- 1In plant communities, a better use of nitrogen for growth and access to additional nitrogen by N2 fixing legumes have been suggested as mechanisms that contribute to the positive relationship between species richness and above-ground biomass production. We studied above-ground biomass production, and plant and soil nitrogen in a biodiversity experiment using a pool of nine potentially dominant grassland species (five grasses: Alopecurus pratensis, Arrhenatherum elatius, Dactylis glomerata, Phleum pratense, Poa trivialis; two legumes: Trifolium pratense, T. repens; two non-legume herbs: Anthriscus sylvestris, Geranium pratense) in the second and third year after establishment.
- 2Total above-ground biomass and nitrogen pools increased with species richness in the second year. In the third year, the positive effect of species richness on above-ground biomass was less pronounced but still significant, while nitrogen pools did not increase with species richness. Above-ground nitrogen pools and biomass production were significantly lower in the third year.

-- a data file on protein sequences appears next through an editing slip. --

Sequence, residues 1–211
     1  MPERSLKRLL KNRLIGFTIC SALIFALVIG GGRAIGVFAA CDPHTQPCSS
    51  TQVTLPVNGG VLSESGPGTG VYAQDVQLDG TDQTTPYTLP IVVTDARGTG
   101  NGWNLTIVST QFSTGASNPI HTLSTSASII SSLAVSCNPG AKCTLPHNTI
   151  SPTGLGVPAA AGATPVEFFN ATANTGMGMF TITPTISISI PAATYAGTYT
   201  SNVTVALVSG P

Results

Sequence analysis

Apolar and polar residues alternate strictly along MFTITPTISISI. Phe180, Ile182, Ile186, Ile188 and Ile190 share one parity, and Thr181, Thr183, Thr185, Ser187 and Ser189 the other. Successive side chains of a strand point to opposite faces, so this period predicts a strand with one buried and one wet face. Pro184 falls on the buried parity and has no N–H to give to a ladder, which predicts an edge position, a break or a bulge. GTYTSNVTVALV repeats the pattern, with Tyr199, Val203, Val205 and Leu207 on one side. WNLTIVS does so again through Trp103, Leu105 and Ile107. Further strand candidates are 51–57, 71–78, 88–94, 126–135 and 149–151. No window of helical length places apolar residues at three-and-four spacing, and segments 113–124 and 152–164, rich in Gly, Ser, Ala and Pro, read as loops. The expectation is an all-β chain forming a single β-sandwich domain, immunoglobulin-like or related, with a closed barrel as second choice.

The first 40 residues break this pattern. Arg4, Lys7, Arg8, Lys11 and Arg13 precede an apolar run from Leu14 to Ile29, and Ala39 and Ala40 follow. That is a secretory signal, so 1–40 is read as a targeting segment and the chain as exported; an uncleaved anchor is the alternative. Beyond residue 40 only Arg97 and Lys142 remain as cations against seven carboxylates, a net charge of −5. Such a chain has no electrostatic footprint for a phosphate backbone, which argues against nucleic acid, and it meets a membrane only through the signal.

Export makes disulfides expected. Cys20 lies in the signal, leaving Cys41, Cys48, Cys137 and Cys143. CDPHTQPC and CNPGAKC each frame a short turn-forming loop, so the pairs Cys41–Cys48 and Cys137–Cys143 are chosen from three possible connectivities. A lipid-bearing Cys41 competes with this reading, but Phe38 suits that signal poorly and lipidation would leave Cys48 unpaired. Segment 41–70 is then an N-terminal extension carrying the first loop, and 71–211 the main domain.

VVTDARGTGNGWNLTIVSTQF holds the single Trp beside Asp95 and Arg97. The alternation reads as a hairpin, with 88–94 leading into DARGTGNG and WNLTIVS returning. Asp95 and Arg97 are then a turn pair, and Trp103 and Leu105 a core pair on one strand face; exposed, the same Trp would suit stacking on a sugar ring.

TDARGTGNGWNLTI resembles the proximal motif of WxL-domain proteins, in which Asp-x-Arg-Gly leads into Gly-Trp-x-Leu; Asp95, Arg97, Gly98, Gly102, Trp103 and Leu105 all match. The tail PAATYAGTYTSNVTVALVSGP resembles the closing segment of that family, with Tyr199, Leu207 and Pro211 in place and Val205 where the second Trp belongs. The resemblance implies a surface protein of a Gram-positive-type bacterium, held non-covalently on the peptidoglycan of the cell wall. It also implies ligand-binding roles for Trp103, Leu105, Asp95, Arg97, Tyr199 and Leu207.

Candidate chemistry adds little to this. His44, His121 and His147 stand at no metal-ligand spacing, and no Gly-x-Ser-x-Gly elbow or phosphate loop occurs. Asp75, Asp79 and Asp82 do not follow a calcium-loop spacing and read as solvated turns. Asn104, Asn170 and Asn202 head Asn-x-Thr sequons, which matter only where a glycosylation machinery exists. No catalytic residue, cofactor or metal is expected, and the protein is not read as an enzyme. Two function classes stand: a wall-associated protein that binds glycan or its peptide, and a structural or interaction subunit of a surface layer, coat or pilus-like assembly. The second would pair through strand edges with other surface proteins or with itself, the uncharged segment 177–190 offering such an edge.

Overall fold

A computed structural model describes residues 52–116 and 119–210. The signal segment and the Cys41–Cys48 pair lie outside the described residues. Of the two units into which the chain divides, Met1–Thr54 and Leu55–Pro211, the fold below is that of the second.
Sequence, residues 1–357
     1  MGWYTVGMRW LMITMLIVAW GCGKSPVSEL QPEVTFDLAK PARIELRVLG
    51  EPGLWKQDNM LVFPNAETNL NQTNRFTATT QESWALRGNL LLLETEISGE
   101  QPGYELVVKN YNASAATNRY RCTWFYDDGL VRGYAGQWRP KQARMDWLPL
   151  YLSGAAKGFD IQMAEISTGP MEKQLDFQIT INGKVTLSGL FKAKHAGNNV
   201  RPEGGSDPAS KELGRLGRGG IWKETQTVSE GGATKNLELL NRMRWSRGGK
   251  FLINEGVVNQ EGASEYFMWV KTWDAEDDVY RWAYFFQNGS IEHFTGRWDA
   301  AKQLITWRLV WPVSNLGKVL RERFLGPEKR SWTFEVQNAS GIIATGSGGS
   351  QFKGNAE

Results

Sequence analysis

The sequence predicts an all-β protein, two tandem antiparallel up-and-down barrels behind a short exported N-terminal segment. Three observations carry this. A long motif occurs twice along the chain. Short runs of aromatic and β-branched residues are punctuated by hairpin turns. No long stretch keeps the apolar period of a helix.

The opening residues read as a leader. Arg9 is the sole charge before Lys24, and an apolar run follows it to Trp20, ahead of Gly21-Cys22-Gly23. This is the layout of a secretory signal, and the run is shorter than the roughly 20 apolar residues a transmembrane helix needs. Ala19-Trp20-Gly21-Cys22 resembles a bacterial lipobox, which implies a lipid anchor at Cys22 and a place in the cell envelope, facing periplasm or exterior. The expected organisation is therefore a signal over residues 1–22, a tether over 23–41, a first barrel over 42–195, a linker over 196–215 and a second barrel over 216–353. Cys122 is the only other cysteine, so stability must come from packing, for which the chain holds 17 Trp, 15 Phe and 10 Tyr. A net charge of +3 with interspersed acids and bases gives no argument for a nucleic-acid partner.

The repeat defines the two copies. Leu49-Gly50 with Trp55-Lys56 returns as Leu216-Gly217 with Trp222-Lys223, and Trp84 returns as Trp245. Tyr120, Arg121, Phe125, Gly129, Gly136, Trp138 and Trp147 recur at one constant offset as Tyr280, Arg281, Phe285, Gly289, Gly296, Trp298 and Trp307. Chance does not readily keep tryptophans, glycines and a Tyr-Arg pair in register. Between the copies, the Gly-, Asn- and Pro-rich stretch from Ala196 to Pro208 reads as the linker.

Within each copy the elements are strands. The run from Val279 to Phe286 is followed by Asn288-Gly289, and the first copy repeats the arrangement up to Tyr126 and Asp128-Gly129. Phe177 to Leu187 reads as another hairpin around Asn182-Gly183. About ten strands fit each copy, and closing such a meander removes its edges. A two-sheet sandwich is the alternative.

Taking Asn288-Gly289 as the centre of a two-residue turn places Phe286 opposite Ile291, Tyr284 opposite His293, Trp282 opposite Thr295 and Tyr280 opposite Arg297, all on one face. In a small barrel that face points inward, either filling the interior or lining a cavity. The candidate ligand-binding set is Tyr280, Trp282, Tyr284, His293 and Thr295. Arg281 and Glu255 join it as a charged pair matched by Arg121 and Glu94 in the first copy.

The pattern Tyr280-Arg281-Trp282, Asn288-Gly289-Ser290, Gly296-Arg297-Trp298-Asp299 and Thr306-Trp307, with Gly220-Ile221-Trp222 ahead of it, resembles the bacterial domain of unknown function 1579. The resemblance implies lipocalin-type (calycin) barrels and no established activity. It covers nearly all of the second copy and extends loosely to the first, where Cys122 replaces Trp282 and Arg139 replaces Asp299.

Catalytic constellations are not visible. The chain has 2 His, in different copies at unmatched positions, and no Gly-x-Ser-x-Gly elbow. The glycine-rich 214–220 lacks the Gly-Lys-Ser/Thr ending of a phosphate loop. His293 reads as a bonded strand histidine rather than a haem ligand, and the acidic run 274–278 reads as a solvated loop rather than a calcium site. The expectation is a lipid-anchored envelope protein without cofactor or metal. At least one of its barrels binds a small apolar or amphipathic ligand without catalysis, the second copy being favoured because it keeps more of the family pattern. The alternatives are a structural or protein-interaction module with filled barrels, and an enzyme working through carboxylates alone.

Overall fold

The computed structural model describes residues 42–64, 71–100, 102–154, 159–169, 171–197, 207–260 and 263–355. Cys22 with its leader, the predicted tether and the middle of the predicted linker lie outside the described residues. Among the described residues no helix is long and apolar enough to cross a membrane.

- 3Above-ground nitrogen pools of mixtures were higher than expected from monocultures in 94% of cases and increased with the species richness of mixtures in the second year. In the third year, only 55% of the mixtures had higher nitrogen yields than expected. A significant increase in the amount of biomass produced per gram nitrogen, a decrease of soil nitrate pools and the inability of mixtures to use soil nitrate more completely than expected from monocultures indicated lower nitrogen availability in the third year. Complementary resource use was not solely dependent on the occurrence of N2 fixing legumes in mixtures, but also played a role in mixtures without legumes.
- 4Synthesis. Our study shows that biodiversity effects through complementary nitrogen use can occur among potentially dominant grassland species. The degree of resource partitioning depends on growing conditions, with stronger complementarity effects under nutrient-rich conditions.